There have been a couple of instances in the past three years where the NAACP got involved in helping ease tensions between mall managers and community members. For example, in the spring of 2007, the 1.8-million-square-foot Arbor Place mall in Douglasville, Ga. (owned by Chattanooga, Tenn.-based CBL & Associates Properties) instituted a curfew for Friday and Saturday nights. The measure caused some mall patrons to accuse management of targeting African-American teens. In response, NAACP representatives met with community leaders to explain how the curfew worked and tried to educate teens about their rights. They have also made visits to the property to ensure the curfew was being enforced fairly.
Meanwhile, some mall managers who plan to institute curfews get in touch with NAACP ahead of time to get the group's input and approval. That’s what the management of the Tower City Center in Cleveland, Ohio did before putting in a daily curfew after 2:30 p.m. in the fall of 2007.
Learning to deal
Aware of the potential for bad publicity, mall managers are trying to exercise as much caution as possible when they put the curfew option on the table. They undertake months of research, looking at other malls that have curfews in place, and go out into the community to talk to local police departments, faith groups and municipal officials to get their input on how extensive the curfews should be.
They make sure to give notice to both teens and parents weeks in advance, so when policies take effect, the potential for misunderstandings is minimized. For example, when Northlake Mall was about to implement its curfew, the mall’s management met with the local school superintendant to make sure school officials distributed curfew information to their students. And three weeks before the curfew was about to start, the management asked volunteers to stand at the entrances to the property and give out the information to passersby.
Mall managers have also become savvier about using social networking sites to update shoppers on new policies and promote family-friendly activities at the times the curfews go into effect. Jones Lang LaSalle Retail, an Atlanta-based third party management provider holds “Family Friendly at 5:00 p.m.”, with programming that can include anything from fashion shows to free movie nights to craft fairs to photo contests. It uses Facebook and Twitter to get the word out about the activities.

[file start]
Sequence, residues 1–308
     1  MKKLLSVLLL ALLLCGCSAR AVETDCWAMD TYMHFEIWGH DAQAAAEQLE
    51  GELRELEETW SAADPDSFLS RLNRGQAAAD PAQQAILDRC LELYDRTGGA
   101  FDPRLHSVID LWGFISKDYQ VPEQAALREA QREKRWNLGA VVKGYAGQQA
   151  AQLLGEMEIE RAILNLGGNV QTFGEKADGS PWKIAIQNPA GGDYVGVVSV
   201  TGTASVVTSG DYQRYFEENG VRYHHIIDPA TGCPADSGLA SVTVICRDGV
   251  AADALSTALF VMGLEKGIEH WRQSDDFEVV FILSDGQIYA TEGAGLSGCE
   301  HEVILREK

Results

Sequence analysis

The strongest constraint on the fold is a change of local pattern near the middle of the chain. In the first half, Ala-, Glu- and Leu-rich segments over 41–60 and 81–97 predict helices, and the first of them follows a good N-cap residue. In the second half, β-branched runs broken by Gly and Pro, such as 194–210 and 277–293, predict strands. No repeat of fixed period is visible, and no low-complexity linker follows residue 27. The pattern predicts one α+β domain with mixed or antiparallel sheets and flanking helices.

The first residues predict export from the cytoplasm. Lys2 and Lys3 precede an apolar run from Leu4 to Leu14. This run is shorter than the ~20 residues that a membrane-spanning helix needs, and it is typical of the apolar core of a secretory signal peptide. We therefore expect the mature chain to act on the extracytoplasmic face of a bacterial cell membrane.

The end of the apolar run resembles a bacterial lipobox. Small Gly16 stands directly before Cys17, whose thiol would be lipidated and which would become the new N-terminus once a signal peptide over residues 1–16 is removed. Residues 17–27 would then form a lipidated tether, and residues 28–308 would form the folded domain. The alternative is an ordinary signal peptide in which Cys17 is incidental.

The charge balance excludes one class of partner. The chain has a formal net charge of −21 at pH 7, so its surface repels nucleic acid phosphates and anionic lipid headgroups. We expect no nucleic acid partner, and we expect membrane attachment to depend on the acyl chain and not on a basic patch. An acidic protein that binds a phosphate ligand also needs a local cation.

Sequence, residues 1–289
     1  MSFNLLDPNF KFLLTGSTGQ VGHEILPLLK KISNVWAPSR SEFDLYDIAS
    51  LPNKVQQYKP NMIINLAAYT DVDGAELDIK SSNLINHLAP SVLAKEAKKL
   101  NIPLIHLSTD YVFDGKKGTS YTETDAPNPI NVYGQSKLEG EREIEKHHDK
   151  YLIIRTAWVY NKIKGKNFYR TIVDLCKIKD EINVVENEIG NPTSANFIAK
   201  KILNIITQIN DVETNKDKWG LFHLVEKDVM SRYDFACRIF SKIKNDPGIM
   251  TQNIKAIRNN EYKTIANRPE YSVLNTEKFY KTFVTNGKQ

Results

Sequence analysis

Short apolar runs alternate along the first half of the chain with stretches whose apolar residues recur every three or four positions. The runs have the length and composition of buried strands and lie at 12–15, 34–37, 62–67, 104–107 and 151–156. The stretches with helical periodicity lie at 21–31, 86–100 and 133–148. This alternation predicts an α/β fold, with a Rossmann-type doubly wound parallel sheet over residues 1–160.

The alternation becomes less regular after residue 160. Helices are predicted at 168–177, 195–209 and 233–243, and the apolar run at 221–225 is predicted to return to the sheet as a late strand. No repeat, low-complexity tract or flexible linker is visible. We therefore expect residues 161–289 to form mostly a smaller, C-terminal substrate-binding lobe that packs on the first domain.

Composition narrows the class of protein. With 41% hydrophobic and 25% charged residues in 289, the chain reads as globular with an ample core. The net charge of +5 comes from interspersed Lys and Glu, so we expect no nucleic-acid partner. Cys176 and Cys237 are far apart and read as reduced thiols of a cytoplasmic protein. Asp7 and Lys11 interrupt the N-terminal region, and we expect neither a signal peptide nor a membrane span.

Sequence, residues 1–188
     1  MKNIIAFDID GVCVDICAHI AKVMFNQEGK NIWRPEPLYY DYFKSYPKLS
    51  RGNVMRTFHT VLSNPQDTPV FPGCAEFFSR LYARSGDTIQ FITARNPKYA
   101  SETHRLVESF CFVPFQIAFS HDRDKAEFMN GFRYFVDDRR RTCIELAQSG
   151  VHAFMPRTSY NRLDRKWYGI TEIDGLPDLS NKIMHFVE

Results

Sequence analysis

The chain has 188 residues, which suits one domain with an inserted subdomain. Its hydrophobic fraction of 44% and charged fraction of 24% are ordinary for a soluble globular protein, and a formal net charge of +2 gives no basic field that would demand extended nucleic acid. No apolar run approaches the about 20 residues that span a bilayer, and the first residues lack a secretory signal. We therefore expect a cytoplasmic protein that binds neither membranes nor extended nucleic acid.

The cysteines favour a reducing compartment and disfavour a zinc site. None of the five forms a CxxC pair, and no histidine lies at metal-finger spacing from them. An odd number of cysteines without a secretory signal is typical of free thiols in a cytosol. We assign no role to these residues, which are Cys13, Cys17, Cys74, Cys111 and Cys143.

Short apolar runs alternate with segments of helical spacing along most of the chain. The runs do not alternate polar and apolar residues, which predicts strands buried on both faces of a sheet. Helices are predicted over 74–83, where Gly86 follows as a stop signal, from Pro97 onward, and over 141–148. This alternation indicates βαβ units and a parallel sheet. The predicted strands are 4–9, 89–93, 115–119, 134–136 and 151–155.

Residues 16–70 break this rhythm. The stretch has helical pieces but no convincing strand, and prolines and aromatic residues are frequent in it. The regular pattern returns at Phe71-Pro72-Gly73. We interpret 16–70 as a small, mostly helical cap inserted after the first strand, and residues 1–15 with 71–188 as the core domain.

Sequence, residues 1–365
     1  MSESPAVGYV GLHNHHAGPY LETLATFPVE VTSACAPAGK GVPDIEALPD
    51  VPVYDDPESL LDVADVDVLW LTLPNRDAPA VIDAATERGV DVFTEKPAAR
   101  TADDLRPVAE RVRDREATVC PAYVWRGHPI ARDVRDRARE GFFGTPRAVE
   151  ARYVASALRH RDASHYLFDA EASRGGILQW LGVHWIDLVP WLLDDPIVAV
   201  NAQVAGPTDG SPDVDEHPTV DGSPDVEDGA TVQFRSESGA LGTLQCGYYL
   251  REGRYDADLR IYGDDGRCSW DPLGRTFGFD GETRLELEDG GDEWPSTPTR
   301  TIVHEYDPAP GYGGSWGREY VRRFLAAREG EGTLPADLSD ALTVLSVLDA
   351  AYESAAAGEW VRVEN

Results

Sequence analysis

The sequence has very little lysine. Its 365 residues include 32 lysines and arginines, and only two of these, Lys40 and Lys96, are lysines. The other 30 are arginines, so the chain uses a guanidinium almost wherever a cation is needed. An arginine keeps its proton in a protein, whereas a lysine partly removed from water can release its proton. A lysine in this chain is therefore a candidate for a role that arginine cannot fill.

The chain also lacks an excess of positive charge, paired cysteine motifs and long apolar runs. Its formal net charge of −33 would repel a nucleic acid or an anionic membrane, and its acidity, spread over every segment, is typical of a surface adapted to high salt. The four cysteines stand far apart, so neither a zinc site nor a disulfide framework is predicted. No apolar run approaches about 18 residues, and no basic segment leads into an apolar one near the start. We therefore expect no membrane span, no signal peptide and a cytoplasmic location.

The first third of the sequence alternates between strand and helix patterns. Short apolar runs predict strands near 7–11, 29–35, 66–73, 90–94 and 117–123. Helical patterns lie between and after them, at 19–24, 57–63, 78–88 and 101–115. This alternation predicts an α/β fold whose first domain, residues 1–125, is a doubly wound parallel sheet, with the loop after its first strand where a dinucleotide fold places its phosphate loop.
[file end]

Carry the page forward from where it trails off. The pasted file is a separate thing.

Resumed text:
In fact, mall managers at most centers emphasize that they don’t want to prevent teens from visiting after hours. They just want them to come with their families, rather than congregating in common areas with scores of other teens.
“The retailers want to do business with everyone,” says Phil Morosco, the manager at Northlake Mall. “The kids are still welcome at the center; we are just asking them to come with an adult.”
At the same time, mall managers have to be careful about training their security staff on how to enforce the policies effectively and minimize the potential for conflict. When Jones Lang LaSalle institutes a curfew at any of its properties, the mall’s security guards undergo up to two weeks of training on the subject, says Elizabeth Faulkner, vice president and regional marketing manager with Jones Lang LaSalle.
Faulkner, who attended one of these seminars herself, says topics of discussion include how to approach the teenagers, how to check their IDs and what to do if you have a teen at the property after 5:00 p.m. without a parent present.
“I was very impressed—there is not much that is left to chance, it’s all very though out, including the safety and comfort of the shopper,” Faulkner notes. “It helped see that there is a misperception people have of the program that sometimes kids come to the center and are told to leave. But it isn’t that way at all. The security officers are told to ask the teens what time they came [in case they arrived before 5:00 p.m. and lost track of the hours], we have a place set up where they could watch movies as they wait for someone to pick them up. None of this is done in a negative way.”